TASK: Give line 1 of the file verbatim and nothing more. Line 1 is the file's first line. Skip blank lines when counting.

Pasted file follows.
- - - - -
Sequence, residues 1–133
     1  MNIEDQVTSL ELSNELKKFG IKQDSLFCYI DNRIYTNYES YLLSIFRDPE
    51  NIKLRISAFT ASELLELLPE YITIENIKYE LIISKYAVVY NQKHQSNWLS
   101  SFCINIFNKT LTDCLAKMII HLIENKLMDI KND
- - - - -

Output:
Sequence, residues 1–133